A conversation with the Bird Brother: That’s what it felt like I was having as I read the words on the pages. It was as if I was sitting right across from him, bonding over a glass of ice-cold sweet tea. Like relatives catching up at the family reunion, it was a pleasure to learn about the birds of prey and people: Dippy, Chuck, Mike, and the Grand cousins. And a crew of new friends like Bob and Agnes Nixon, Unk, and the original ECC (Earth Conservation Corp) crew.
Rodney Stotts’s story is truly raw and heartbreaking, and yet also heart-mending, teaching lessons in enduring struggles, giving your all, loving others, and not judging the cover of a book (or individual) before you actually get to know it.
It’s a book filled with lessons and encouragement throughout. I felt as if those lessons were directly for me, like when Rodney mentions his late mother Dippy’s lesson on self-pity after his hawk, Chuck, passed. “Self-pity was the worst thing you can have,” I can hear her say. "Okay, you can have five minutes to feel sorry for yourself. That's 300 seconds.” It’s a reminder that life goes on, and you can’t wallow in misfortunes. Take a few minutes to acknowledge it and get back on the saddle. Or lessons like: Nature is for everyone; it has no favorites. “It [Nature] is here for all of us, no matter what color, age, or background.”
Rodney shows us that sometimes the simplest forms of encouragement can be a monumental moment in someone’s life:
I notice that the little boy with the missing tooth is standing at the back of the line and that he is crying quietly. I walk over and stoop down next to him. ‘Hey little man-man,’ I say. ‘What's the matter? You just did something amazing.’ He wipes his eyes with the back of his hand and looks at me like he's not sure if he can trust me. I lean my head down so he can whisper in my ear. In a low voice he says, ‘Nobody ever said they were proud of me before.’ ‘Aw, shoot,’ I say, giving him a high five. ‘I’m saying it to you now. I. Am. Proud. Of. You. Got it? And don't ever forget it.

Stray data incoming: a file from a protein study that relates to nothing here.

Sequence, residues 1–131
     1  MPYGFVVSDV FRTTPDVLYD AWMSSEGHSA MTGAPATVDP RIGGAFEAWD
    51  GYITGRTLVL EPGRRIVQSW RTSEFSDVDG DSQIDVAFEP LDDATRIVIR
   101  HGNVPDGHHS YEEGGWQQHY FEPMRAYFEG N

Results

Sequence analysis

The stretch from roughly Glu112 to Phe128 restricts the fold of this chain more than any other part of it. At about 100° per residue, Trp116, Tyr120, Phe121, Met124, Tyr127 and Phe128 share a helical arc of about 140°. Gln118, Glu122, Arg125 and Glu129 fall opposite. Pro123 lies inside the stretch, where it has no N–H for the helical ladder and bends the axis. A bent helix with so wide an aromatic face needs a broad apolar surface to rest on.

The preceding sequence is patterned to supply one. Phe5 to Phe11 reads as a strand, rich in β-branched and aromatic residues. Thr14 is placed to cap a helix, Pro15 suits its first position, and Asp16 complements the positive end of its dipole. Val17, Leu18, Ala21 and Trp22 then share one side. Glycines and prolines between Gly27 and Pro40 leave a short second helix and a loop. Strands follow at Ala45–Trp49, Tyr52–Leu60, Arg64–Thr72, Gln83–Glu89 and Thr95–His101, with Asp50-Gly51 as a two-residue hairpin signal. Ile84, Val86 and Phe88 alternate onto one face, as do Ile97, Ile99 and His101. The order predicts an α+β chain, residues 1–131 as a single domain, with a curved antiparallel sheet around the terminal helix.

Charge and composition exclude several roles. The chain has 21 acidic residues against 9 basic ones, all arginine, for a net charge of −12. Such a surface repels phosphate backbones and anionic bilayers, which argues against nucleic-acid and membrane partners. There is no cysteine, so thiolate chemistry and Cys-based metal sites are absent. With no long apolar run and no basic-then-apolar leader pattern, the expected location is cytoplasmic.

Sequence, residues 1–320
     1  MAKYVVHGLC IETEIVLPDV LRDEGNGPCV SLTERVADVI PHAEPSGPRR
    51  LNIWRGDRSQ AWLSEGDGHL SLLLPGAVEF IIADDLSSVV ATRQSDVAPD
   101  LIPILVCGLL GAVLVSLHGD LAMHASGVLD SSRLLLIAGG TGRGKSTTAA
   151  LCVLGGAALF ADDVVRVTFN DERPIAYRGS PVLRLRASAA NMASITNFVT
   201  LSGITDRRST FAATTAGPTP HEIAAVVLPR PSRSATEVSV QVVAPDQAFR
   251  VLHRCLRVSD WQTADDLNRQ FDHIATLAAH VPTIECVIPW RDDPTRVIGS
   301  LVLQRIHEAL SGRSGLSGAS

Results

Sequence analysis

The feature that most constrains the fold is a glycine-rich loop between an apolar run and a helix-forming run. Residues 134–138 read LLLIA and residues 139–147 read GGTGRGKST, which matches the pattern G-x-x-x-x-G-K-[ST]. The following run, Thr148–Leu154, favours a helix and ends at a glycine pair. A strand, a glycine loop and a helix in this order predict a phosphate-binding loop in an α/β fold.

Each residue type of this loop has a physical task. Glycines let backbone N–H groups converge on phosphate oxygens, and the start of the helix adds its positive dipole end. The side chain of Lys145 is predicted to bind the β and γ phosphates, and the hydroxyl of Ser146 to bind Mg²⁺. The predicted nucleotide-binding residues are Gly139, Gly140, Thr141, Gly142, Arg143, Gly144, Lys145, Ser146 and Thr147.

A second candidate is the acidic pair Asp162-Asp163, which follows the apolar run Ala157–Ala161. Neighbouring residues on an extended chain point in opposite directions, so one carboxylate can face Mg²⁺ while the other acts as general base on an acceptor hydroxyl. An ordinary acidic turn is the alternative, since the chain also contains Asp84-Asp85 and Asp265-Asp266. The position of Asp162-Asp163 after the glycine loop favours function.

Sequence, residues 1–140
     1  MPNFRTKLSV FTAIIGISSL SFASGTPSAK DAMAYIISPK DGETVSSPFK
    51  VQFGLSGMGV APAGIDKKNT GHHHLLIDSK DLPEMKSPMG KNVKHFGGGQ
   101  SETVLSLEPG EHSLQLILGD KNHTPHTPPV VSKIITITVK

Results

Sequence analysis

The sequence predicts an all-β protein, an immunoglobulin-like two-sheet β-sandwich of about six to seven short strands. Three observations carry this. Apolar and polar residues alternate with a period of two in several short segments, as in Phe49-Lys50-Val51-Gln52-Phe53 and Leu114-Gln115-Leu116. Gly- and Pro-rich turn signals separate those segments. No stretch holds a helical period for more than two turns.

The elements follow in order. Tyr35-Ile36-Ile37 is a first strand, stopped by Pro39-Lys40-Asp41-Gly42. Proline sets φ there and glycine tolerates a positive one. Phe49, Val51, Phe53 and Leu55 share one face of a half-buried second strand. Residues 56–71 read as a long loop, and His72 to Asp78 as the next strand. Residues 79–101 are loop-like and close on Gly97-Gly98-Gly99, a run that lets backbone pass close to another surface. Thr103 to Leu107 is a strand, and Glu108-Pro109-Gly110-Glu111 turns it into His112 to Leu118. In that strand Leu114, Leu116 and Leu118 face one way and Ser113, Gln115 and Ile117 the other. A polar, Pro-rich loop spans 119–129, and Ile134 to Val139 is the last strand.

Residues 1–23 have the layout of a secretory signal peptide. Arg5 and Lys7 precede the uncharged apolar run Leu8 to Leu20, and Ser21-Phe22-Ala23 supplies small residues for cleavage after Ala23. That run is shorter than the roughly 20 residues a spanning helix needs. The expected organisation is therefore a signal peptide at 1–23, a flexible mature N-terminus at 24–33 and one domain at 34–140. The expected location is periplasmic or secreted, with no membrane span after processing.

Wow, it’s amazing how what seemed like a small gesture provided an overwhelming experience for this young child. It shows us not to leave those words of encouragement unsaid.
Raw, real, and uncut: In this book we learn of the origin of the Bird Brother from drug dealer to earth healer. It is a story of hard work and getting it out the mud (or should I say river) to achieve success and triumph over loss and defeat. Rodney has not only witnessed, but also experienced a lot of heart-wrenching and grotesque things. Yet he has remained humbled and a lover of people and the Earth and its inhabitants, especially the winged creatures!
Throughout the trails and valleys of his life, Rodney remained grounded and hopeful. Over the years, as Rodney worked cleaning up and healing the Anacostia River in Washington, D.C., with his job through the Earth Conservation Corps, it was as if nature was healing and restoring him in return. Rodney is a friend and helper to many, willing to lend a hand when needed. Sometimes he even goes beyond the call, like when Dippy the eagle was caught in a fence. Rodney strapped himself to the fence by his belt in order to free her, further exemplifying his love for animals and how big of a heart he has. I love that most of his animals are named after important people in life.
This was an inspiring read, not only as a fellow Black man with a love for helping others and caring for the environment, but also as someone who has dealt with obstacle after obstacle, yet still finds the hope to remain determined and joyful as I pursue my goal.
Ms. Agnes Nixon was right when she told Rodney, “You’re going to do great things!!!” His work with the ECC, Wings of America, and Rodney’s Raptors is just the beginning! I’m looking forward to the impact that Dippy’s Dream, his new wildlife sanctuary, will have on this world. I’m looking forward to visiting one day, and, who knows, maybe being a partner and Black falconer, hunting and sharing with kids alongside the Bird Brother, Rodney Stotts!
Alex Troutman is a wildlife biologist, birder, nature enthusiast, and science communicator. Alex holds a master’s degree in Wetland and Bird Conservation from Georgia Southern University. He has a passion for sharing and immersing the younger generation in nature. In his spare time, he enjoys spending time outside and trying out new recipes.
Birding is a force for good in our society. Learning and sharing about birds translates into concern for birds and the environment, and the American Birding Association provides resources and community for all people interested in birds!